7 One-of-a-Kind NYC Dinners You Have to Try

When a seasoned New Yorker like yourself is looking for a great night out, drinks and a play sound fun…but you’ve been there, done that. A table for two at the buzziest restaurant? Honestly, kind of stressful. Instead, try one of these off-the-beaten-path, totally unique (but non-gimmicky) dinner experiences. We’ll even give you permission to say you stumbled upon these gems yourself.

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Tortilleria Mexicana Los Hermanos

Psst, this Bushwick-based tortilla factory sells some of the city’s best tacos from the back of a one-story brick garage. Watch tortillas being made right in front of you while enjoying $3 tacos (don’t miss the chorizo) and Mexican soda. Bonus: Go on a Wednesday and you can also hit up $10 Drink N’ Draw at the Bat Haus next door.

271 Starr St. (at Wyckoff Ave.), Brooklyn; 718-392-2680

james beard house ny
Ken Goodman/Courtesy of The James Beard Foundation

James Beard House

The Society that gives out James Beard Awards (aka the Oscars of the restaurant world) holds weekly dinners prepared by popular chefs in James Beard’s former brownstone. Ticket prices are steep (about $175 per person), but they’re perfect for a food-focused special occasion. Your evening will kick off downstairs with fancy cocktails, appetizers, a view of the open kitchen and, in the summer, a magically lit outdoor courtyard. Then sail up to an ornate library for a myriad of courses and wine pairings. Check out the dinner schedule here.

167 W. 12th St. (at Seventh Ave.); 212-675-4984 or

Astoria Seafood

Pop quiz: What’s practically as good as a plane ticket to Santorini? A trip to this no-frills market, which has been run by the same Greek family for generations. Grab a bag and load up on fresh river trout, scallops, snapper, lobster and more, then pay up front and tell the kitchen how you’d like everything cooked—grilled or fried. Part of the fun of this BYOB joint is the boisterous ambiance: the Greek music, the laughing waiters, the couple dancing in the corner and that cute grandpa having a birthday at the table next to you.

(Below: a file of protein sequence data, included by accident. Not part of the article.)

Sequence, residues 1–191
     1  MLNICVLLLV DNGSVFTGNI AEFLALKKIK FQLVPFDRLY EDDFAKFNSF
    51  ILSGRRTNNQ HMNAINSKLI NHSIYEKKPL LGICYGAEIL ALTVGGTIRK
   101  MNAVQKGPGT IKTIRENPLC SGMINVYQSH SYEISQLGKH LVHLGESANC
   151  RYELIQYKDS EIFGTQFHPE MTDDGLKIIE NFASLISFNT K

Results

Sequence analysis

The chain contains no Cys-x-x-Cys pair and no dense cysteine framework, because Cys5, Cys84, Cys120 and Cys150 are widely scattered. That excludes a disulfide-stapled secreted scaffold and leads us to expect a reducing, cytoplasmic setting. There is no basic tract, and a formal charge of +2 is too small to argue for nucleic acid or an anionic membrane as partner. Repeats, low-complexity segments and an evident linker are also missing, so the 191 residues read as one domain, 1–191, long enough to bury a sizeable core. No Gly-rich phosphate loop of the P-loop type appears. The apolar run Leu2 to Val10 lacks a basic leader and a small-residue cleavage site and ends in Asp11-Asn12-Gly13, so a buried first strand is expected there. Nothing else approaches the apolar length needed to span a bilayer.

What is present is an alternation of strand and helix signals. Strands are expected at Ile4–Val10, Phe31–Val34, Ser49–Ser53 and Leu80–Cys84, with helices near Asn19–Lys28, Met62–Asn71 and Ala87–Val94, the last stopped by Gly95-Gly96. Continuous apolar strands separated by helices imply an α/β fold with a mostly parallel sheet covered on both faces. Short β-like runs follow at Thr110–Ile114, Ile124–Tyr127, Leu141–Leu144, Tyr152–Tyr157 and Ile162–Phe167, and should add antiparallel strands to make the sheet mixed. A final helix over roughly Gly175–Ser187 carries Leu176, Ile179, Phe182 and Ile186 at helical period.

3710 33rd St. (at 37th Ave.); 718-392-2680 or

Subculture Dining

Speakeasy aficionados and adrenaline junkies, this secret pop-up dinner club goes out to you. You’ll need to apply for a membership first—you won’t be notified of the location until a few hours before your meal. You might be given a secret password or even asked to jump out from an airplane (yes, this really happened once) to get to the intimate dinner table, where you’ll be wined and dined with a surprise, seriously high-end tasting menu.

Secret location;

Pig Beach

Originally the side project of some A-list chefs who happened to love barbecue, this laid-back, sprawling garden and warehouse is a great place for big groups of friends, especially on a Saturday afternoon. Go for the pit-smoked baby back ribs, pork shoulder and house made pickles and stay for the local beer, beachy cocktails, frozen drinks and wine on tap. During the summer, you’ll find cornhole and other games on the dog-friendly patio (and we recommend grabbing an ice cream cone afterward at Ample Hills Creamery, which is just a stone’s throw away).

480 Union St. (at Bond St.); 718-737-7181 or

white gold butchers ny
White Gold Butchers

White Gold Butchers

You know how you practically have to be royalty to get into the Spotted Pig? Welp, April Bloomfield has an arguably even cooler establishment on the Upper West Side sans the wait. Run by two boss-lady butchers, the whole animal butcher shop sells sustainably-raised beef, pork and poultry, supplies meat for all of Bloomfield’s restaurants and slyly doubles as a local neighborhood restaurant that’s open for breakfast, lunch and dinner. Don’t forget to shell out for a carton of fresh eggs on your way out.

375 Amsterdam Ave. (at 78th St.); 212-362-8731 or

Brooklyn Farmacy & Soda Fountain

Don’t worry, we didn’t forget dessert. Meet the modern-day soda shop, housed in a carefully restored apothecary store from the 1920s. Twirling red stools, egg creams, black-and-white milkshakes and pastrami hot dogs transport you back to another time you never knew you were nostalgic for—delightfully, without an iota of kitsch.

513 Henry St. (at Sackett St.);

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Food Editor

From 2017 to 2019 Heath Goldman held the role of Food Editor covering food, booze and some recipe development, too. Tough job, eh?